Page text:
Today, AT&T announced that they will begin selling the BlackBerry Curve 3G and BlackBerry Pearl 3G in time for the holiday buying season. The Curve 3G (9300) will be available on an unspecified date — before December 25 — and will retail for $99.99 with a new 2-year contract (no mail in rebate required). The Pearl 3G (9100) will be available starting October 17 in stores and online and will retail for $149.99 on-contract (again, no rebate required). The devices will add to AT&T’s BlackBerry lineup which also includes the Bold 9700 and Torch 9800. More →
Well, here is what we have confirmed: the keynote today, delivered by Mike Lazaridis, will focus on the next generation tablet OS platform. It won’t focus or really feature any hardware, unfortunately. Our source said it would be unlikely for RIM to announce the mysterious tablet device during a developer event. We agree. Is it possible there will be a shot of hardware on a slide during the presentation, or even a non-working device somewhere? It’s possible, but again, this will be about the platform, the developers, and software. Don’t count on a device announcement/availability.
Separately: we have heard the tablet OS is a pretty long way away from being completed. Also, the QNX-based OS that is rumored to extend to the traditional BlackBerry lineup is barely even started at this point; since internally it’s not confirmed that it will in fact power BlackBerry smartphones. We have also been told porting all of RIMs advancements like battery optimization, email compression, BES integration, etc. is a very tedious process.
Reuters is reporting that electronics company Sony is on pace to hit the PlayStation 3 sales target it set for itself (from March 2010 to March 2011) of 15 million units. The company reported that sales from April 2010 to September 2010 were above forecast and that the company is expecting strong holiday sales. Sony is hoping that its Move motion controller will be competitive with Microsoft’s Kinect motion system offered on the Xbox 360. Kazuo Hirai, president of Sony Computer Entertainment, also noted that 80% of the 38 million PlayStation 3s in the market are connected to the PlayStation network; a number the company wants to bring to 100%. More →
Straight from the Toykyo Game show comes the announcement that Sony will launch the new PS3 motion controller in Spring 2010. First announced at E3 back in June, the motion controller will utilize the PlayStation Eye Camera along with a controller equipped with a three axes gyroscope and three axes accelerometer to accurately detect the player’s motion. A handful of titles with motion control support — including The Shoot, Tower, Hustle Kings and High Velocity Bowling — will launch alongside the controller this coming spring. Press release after the jump.
September 15th: Sony Ericsson claims, “the way you listen to music changes forever” on September 21st. September 21st: Sony Ericsson announces the MH907 motion-controlled headphones and 99.999999999999% of the world will continue listening to music the same old way. Don’t get us wrong — the new “SensMe” technology SE introduced today is kind of nifty. Basically, it allows you to control music playback and call handling by removing and replacing one of your ear buds. Ok that’s cool we suppose, but it begs the question: Is removing and replacing an ear bud to control your headset more or less convenient than simply tapping a button? We’re going to go with less. The novelty factor is certainly there though, so if you have a Sony Ericsson phone — yes, this headset will only work with SE phones — at least you have something interesting to look forward to. No pricing or release information has been made available.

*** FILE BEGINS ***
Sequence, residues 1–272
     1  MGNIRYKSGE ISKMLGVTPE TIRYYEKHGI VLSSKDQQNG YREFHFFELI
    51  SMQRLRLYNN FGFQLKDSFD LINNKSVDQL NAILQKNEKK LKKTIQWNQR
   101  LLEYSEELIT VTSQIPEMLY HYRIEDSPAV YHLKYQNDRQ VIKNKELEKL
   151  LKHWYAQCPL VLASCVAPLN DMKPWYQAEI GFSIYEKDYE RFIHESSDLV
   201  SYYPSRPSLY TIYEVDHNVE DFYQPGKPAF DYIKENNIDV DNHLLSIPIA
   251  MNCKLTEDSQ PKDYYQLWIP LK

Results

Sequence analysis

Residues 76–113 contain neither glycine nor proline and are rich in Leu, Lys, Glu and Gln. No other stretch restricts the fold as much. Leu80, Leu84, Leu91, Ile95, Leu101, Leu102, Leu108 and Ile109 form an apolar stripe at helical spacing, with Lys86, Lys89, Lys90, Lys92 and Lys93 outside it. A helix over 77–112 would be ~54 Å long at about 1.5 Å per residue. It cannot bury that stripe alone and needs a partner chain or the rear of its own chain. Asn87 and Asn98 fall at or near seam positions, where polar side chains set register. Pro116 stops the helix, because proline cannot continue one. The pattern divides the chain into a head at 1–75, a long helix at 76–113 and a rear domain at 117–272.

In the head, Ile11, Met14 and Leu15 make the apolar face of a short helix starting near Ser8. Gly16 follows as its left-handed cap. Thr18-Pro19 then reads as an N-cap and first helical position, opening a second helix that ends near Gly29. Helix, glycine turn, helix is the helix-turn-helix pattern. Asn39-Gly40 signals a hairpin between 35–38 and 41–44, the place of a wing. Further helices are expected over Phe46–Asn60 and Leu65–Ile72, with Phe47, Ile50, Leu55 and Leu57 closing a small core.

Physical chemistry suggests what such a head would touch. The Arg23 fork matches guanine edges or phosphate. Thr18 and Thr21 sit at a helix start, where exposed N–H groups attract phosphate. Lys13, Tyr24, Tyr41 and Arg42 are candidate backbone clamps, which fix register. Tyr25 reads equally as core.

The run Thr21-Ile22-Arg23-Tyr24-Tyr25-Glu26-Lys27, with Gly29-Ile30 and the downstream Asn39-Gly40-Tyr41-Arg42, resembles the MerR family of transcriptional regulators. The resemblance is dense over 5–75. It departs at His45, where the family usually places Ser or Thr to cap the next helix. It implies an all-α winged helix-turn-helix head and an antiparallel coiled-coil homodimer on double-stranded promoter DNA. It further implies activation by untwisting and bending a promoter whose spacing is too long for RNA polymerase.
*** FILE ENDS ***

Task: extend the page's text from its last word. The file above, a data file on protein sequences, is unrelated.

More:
Nintendo’s got it, Sony should have it soon enough and now Microsoft is apparently getting ready to unveil its take on motion-controlled gaming. Unlike Nintendo and Sony’s solutions however, Microsoft looks to be taking an entirely different approach to the concept by removing a physical remote from the equation and using the actual gamer as the controller — at least where motion is concerned. The solution reportedly entails a sensor bar that observes gamer movement and uses it to control compatible games. You move, it moves. You kick, it kicks. You trip over your coffee table and bust your face, it… Well, we’re not sure what happens then. The bottom line is that this could very well be a tremendous leap where motion-controlled home gaming is concerned and from the sound of it, it could definitely eclipse Sony’s solution which sounds more like catch up than anything else. In both cases however, motion control will definitely be a nice value-add for PS3 and Xbox 360 owners. We just hope Sony and Microsoft aren’t viewing these solutions as game changers — especially where sales are concerned. Sure, the Wiimote might not be as unique once these new products hit the market but its just once piece of the equation as far as Wii appeal goes. Remember, the Wii isn’t stealing the market from Sony and Microsoft. It’s creating an entirely new and much broader market.